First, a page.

Personally, if I had to be in business with my husband, it would not go well. However, many couples build viable, strong businesses together and I say, good for them! Depending on how you have your business entity structured, it will make a big difference on the tax treatment of you and your spouse working as partners. Because a business jointly owned and operated by a married couple is generally treated as a partnership for Federal tax purposes, the spouses must comply with filing and record keeping requirements imposed on partnerships and their partners. The election to file two Schedule C (Form 1040) forms, (one for each spouse) permits certain married co-owners to avoid filing partnership returns, provided that each spouse separately reports a share of all the businesses' items of income, gain, loss, deduction, and credit. Under the election, both spouses will be subject to self-employment tax and on net earnings from self-employment and receive credit for Social Security earnings.
One Spouse Employs Another
If you have a dynamic where your spouse is an employee of your business, then your spouse's wages are subject to income tax withholding, Social Security and Medicare taxes. If you are self-employed (not a corporation or a partnership), your spouse's pay does not have to be included in your federal unemployment tax account (FUTA) contributions and payments. However, if your business is a corporation or a partnership you must include that spouse's pay in your unemployment tax contribution calculation.
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You Employ Your Child
First, let's be clear. I work in my family business, but I am an adult, so I am treated just like a normal employee. However, if you, for example, run a family restaurant and want to hire your children under 18 to work for you, there are some tax benefits. But first, you should check with your state for rules on how many hours minors can work (in non-agricultural jobs) and reference the Fair Labor Standards Act for information on limitations on the kinds of work children can perform.
"This is an often overlooked or under-utilized strategy. Paying your children for true services they provide in your business can be a powerful tax-saving tool," says Cathi Reed, Block Advisors Regional Director. "If you are a sole-proprietorship or single member LLC, and the child is less than 18 years of age, the business is not required to withhold FICA or payroll taxes. The child can use his or her standard deduction against income you pay."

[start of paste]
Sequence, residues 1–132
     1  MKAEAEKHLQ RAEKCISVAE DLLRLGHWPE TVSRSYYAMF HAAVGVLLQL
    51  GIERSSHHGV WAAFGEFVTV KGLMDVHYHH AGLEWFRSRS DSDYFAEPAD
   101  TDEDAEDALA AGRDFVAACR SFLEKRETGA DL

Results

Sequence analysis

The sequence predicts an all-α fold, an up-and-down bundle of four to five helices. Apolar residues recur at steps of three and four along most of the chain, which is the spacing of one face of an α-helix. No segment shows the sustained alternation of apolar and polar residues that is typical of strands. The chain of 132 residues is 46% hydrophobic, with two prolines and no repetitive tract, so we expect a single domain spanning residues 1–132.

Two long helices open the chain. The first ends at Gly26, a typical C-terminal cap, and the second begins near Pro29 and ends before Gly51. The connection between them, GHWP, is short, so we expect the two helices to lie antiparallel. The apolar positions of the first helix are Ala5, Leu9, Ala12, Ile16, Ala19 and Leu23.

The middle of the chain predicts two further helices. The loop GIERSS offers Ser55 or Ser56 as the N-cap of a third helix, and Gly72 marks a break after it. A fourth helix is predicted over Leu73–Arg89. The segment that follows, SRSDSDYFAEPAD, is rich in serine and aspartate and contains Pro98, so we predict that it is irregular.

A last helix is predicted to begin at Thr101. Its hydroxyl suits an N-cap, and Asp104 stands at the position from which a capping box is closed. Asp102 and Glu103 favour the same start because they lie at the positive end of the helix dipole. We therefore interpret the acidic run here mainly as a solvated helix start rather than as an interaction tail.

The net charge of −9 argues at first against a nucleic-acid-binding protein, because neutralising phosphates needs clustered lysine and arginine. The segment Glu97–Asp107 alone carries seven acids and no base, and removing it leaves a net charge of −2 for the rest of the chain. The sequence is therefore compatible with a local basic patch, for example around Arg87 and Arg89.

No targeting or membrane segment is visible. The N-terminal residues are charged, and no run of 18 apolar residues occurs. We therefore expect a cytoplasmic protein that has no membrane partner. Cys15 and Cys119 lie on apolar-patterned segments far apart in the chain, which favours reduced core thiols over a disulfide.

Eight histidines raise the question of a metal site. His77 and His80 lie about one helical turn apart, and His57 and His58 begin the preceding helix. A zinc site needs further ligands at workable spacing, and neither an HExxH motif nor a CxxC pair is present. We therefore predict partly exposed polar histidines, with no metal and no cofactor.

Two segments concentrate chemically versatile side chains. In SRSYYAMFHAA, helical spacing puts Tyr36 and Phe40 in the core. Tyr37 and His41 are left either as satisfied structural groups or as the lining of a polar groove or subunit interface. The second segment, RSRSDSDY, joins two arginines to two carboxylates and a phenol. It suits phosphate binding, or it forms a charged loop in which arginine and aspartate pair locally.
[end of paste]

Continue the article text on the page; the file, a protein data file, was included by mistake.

You Hire Your Parent
Oh dear. If you are brave enough to do this, know that you will need to pay Social Security and Medicare taxes on your parent's wages and make the appropriate withholdings, but you don't have to pay unemployment taxes. Now all you have to do is convince your parent that you are the boss. Have fun with that!
Is Hiring Family Members Worth It For The Tax Benefits?
"There are some positive tax advantages to hiring family members. It's important to treat a family member like any other employee. Hiring your children can result in substantial savings for businesses. Make sure your child has real, age-appropriate work to do and a reasonable pay rate, comparable to other employees. Consult with a Block Advisors small business certified tax pro to ensure that you are complying with all requirements," advises Reed. "Block Advisors, a team within H&R Block, is dedicated to meeting the tax, bookkeeping and payroll needs of small business owners year-round. To start working with the tax experts at Block Advisors, visit blockadvisors.com."
In my opinion, you should not hire a family member solely because of the tax benefits. You should always hire based on whether that person is right for the job and keep in mind how this hire could materially impact your relationship with that person and others in your family. Finally, as I mentioned, make sure you have a tax professional on your team when making these determinations. As you can see, things can get a little tricky!
*All details were sourced from IRS.gov and blockadvisors.com